There are five families of Worldly and Wisdom Dakinis: Vajra Dakinis, Ratna Dakinis, Padma Dakinis, Karma Dakinis, and Buddha Dakinis. And both the worldly dakinis and wisdom dakinis can have supernatural powers. You may recall the story of Tilopa where he encountered a number of various dakinis. The worldly dakinis who had control over sight and sound bombarded him with mirages after which he met the dakinis embodying the five activities and finally he met with the wisdom dakini in the heart of the mandala.

The dakinis are born in three manners: 1) Spontaneously enlightened ones arise from Sabogakaya‘s unfoldment from Dharmakaya. Example of these Dakinis being Tara and Vajrayogini. 2)Those born in heavenly realms. Those who are born from within the heavenly realms and those who reach the heavenly realms though their own attainment. 3)Finally, those born by realization of mantra. These are humans who have reached various levels of inner realization.

So, as you can see, there are many different types and levels of dakinis. Dakinis in general can be a guiding light along the path removing physical and spiritual hindrances. They can play a great part in an individual’s attainment of enlightenment. They are the forces that awaken dormant qualities of spiritual impulses hidden in the subconscious. It is the dakini’s inspirational influence that can open one and remove obstacles. But, it is the Wisdom Dakinis that we should be interested in learning about and who we can rely on to truly release us from samsara.” [1]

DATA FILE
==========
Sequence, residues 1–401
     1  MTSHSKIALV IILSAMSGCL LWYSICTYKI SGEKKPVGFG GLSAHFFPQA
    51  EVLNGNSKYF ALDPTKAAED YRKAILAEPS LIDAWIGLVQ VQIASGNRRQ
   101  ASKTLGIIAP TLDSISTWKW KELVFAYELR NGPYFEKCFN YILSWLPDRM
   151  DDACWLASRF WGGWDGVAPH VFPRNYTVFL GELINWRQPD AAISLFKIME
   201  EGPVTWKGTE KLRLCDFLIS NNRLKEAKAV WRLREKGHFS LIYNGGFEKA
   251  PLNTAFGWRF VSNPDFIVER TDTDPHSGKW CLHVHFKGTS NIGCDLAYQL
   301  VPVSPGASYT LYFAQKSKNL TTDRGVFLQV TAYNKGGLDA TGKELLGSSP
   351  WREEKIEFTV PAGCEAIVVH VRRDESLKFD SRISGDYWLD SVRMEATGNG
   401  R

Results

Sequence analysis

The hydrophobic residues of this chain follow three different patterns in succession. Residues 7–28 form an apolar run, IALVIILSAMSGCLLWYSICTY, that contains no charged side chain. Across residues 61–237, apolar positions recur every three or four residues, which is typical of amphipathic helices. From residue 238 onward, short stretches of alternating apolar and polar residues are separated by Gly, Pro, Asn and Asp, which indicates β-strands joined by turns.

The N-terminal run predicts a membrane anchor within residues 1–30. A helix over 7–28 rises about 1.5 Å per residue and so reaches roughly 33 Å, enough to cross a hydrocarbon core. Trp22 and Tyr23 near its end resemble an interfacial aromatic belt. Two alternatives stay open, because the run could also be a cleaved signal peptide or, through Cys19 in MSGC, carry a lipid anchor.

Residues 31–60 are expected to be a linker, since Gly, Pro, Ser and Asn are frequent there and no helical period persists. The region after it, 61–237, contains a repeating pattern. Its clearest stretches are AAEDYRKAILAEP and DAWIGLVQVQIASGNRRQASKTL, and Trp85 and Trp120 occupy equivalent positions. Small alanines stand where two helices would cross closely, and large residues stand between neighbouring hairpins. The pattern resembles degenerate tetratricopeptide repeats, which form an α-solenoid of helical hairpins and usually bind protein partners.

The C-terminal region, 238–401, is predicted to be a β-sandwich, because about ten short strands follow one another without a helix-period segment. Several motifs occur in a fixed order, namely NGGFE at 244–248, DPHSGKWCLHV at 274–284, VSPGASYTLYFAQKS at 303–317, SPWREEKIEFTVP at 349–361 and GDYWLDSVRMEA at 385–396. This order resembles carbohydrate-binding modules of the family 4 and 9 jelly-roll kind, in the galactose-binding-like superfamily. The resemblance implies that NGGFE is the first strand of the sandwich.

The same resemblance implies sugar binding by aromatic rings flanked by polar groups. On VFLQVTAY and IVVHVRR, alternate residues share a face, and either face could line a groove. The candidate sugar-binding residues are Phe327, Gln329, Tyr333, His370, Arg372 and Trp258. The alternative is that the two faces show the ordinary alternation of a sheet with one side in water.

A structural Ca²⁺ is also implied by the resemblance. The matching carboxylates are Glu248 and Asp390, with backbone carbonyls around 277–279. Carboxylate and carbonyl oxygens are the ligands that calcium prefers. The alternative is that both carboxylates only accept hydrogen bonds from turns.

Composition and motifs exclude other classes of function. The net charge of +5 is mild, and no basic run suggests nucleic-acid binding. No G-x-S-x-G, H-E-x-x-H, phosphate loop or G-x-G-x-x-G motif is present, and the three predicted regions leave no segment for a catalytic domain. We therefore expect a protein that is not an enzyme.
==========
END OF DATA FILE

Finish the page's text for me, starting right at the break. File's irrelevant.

Ratna Dakini

“The Ratna (Precious) Dakinis represent South, grandness and compassion.” [2] The family is Ratna Family, or the jeweled family, have the following associations:

  • The color is golden yellow.
  • The element is earth.
  • The symbol is the jewell.
  • The afflicted pattern is arrogance, pride; which covered feeling of inadequacy, not being good enough, creating greed, consuming hunger, consuming of all kinds.
  • The wisdom is of fundamental reality, the reality of equality, which is the same energy when the struggle is released.  Release of all self-advancements, self-importance and over barring attitudes to a relaxed state of equanimity and generosity, like the earth.
  • The Ratna Dakini has full body, has good sense of humour, and likes bright colours. Her knife is ornamented with the jewell. In Her left hand She holds the scull cup, with nectar of knowledge brimming out of it. In the crook of her left arm is the Katvanga staff – the inner consort. She is golden. Wisdom flames of equanimity and unchanging stillness emanate from Her body.
  • The seed syllable is – “RI”      [3]